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With freshmen Devon Goodman and Ryan Betley continuing to make major impacts, Penn men's basketball has been looking increasingly dangerous in recent weeks.

Credit: Will Snow

When Penn men’s basketball was trounced by Princeton to fall to 0-6 in Ivy League play, the questions around the program were everywhere. How the hell did the team fall off so fast? Was there a reason for the Quakers to even play out the string? Could this squad get a win over anybody?

Now, 12 days later, there’s just one issue left to be addressed — is there anybody out there that can stop them?

Coming off a sweep of the New York schools last weekend, the Red and Blue kept their momentum going with a pair of dominant performances, blowing out Brown, 96-72, on Friday before upsetting third-place Yale, 71-55, two days later. With the wins, Penn has remarkably clawed back into fourth place in the Ivy League after being four games off not even two weeks ago.

“No doubt, I think this is the best basketball we’ve played since I’ve been here,” second-year coach Steve Donahue said. “It’s the absolute desire, determination and grit to go out there and compete — every pass, every dribble, and not lose sight of playing in the now, and these guys have done all the work.”

Entering the weekend two games back of Columbia, Penn (11-12, 4-6 Ivy) had no room for error against Brown if it wanted to stay alive in the playoff race, and a performance for the ages from freshman guard Ryan Betley made sure there would be no upset in Providence.

Coming off a career-high 22 points against Cornell, the sharpshooter picked up right where he left off against the Bears (11-15, 2-8).

With the game tied at 25 apiece in the first half, Betley and classmates Devon Goodman and AJ Brodeur combined for 22 points in a ridiculous 27-2 run over the final 7:30 of the opening half, putting the Bears to rest emphatically.

Betley wound up with a new personal best of 28 points — 23 coming in that explosive first half — as the Red and Blue cruised to a 24-point win.

“After seeing the first one or two threes go in, it just boosts your confidence. My teammates kept finding me in open spots; made it real easy for me to keep knocking shots down,” Betley said. “We’re a very good class, and this proves that we deserve to be on the floor.”

Though a win over the Bears was not necessarily unexpected based on national rankings, few outside the Penn locker room could have seen what was coming two days later.

Though the Bulldogs (14-9, 6-4) were certainly heavily favored, Penn proved right from the opening tip that it would not be backing down from anybody, jumping out to an early 11-2 lead with some spirited defense.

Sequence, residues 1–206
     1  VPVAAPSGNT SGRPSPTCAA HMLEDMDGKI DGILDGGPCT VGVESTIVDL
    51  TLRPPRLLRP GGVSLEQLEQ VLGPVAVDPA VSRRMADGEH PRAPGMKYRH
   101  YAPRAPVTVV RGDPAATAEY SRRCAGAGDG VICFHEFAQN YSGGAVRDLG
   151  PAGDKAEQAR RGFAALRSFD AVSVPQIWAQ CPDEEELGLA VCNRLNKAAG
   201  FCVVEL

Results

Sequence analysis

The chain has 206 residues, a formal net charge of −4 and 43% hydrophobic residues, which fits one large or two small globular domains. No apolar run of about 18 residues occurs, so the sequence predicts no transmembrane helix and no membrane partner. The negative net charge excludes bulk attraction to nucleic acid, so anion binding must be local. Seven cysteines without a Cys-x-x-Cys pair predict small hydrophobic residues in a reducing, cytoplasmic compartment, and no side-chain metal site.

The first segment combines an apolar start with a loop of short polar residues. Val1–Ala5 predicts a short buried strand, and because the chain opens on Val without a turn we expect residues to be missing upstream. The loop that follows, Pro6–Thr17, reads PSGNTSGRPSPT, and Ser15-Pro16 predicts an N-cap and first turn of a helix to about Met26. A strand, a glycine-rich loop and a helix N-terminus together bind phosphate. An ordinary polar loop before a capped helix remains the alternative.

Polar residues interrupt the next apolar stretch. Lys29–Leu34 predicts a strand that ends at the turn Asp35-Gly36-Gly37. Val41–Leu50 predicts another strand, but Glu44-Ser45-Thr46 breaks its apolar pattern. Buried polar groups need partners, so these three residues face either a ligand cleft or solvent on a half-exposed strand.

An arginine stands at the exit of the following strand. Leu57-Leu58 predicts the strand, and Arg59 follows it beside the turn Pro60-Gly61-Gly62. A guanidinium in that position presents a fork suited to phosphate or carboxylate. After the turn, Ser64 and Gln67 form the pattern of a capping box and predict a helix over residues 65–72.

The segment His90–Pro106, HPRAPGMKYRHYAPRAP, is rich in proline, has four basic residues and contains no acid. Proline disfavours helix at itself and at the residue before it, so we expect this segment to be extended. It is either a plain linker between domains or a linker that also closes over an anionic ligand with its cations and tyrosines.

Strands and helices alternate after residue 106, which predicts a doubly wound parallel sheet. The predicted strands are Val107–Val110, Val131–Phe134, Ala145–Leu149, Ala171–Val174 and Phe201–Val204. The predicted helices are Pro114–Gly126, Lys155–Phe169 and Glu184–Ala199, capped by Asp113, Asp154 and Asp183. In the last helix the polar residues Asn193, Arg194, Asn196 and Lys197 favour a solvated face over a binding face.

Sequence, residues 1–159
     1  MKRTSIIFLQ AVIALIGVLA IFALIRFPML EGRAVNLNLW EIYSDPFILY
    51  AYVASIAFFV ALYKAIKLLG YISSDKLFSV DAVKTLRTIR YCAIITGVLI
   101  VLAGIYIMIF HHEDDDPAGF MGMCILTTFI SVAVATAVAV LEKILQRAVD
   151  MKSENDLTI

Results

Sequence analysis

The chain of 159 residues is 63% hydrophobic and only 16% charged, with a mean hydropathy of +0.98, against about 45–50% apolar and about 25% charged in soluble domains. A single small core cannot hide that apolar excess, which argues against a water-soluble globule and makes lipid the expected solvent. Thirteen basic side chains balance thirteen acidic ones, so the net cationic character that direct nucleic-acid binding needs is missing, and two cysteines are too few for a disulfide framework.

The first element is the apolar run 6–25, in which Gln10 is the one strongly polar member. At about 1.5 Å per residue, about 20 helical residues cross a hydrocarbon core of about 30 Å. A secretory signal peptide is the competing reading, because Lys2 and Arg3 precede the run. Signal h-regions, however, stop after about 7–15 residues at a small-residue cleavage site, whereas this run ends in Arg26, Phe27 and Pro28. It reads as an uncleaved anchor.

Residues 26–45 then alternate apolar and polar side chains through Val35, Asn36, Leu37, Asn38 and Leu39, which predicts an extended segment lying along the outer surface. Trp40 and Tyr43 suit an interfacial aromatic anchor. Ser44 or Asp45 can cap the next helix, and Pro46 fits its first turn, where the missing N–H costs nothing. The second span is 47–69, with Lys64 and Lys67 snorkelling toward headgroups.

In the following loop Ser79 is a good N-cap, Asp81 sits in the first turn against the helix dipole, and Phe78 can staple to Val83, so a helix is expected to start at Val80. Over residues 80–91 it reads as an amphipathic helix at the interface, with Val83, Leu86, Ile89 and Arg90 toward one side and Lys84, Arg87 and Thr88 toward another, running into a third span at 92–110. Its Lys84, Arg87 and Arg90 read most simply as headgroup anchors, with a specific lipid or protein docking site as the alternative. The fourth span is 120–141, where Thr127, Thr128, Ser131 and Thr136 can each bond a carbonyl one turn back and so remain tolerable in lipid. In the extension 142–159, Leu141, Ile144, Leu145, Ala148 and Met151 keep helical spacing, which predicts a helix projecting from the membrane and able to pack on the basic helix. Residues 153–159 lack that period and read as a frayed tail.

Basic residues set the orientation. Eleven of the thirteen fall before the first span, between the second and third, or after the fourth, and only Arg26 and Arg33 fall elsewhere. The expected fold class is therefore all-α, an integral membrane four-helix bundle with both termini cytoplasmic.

“[The biggest difference is] just our energy, the way we approach each game; we have so much energy, so much confidence,” junior guard Darnell Foreman said. “Guys aren’t afraid to make mistakes when they’re out there, and we’re clicking from that.”

A sloppy offensive sequence plagued by five turnovers saw Penn go scoreless for a full seven minutes late in the first half as Yale was able to claw back to within one point at the half.

But with Penn on the verge of blowing a lead in a fashion seen so many times in prior years, coach Donahue’s squad proved that this year’s team is capable of something special.

Boosted by two three-pointers from senior Matt Howard, the Red and Blue came out of the locker room on fire, opening the second half with a 21-5 run in the first nine minutes that included six Yale turnovers. The Quakers never looked back from there, leading by no less than 12 the rest of the way.

“I think it’s a good sign that we [have these runs] at different times,” Donahue said. “It’s suddenly [almost] a tie game, and there’s a point where it’s like ‘Is it gonna be what’s happened here in the last seven years, or is it gonna be something different?’ And I thought our guys really came out with a sense of urgency.”

With the wins, Penn finds itself tied with Columbia in that final postseason slot, meaning that next weekend will be the team’s most important in years. The Quakers head to Cornell and Columbia in a weekend that is almost guaranteed to see the eventual fourth-place team emerge.

“When we were 0-6 and we went into practice, we went after them, and they responded in the right way … I knew we had a good chance to turn this thing around,” Donahue said. “But we’re just in the game now; we haven’t done anything yet. This is a four-game season right now, and we’ve gotta be the best team over those next four games.”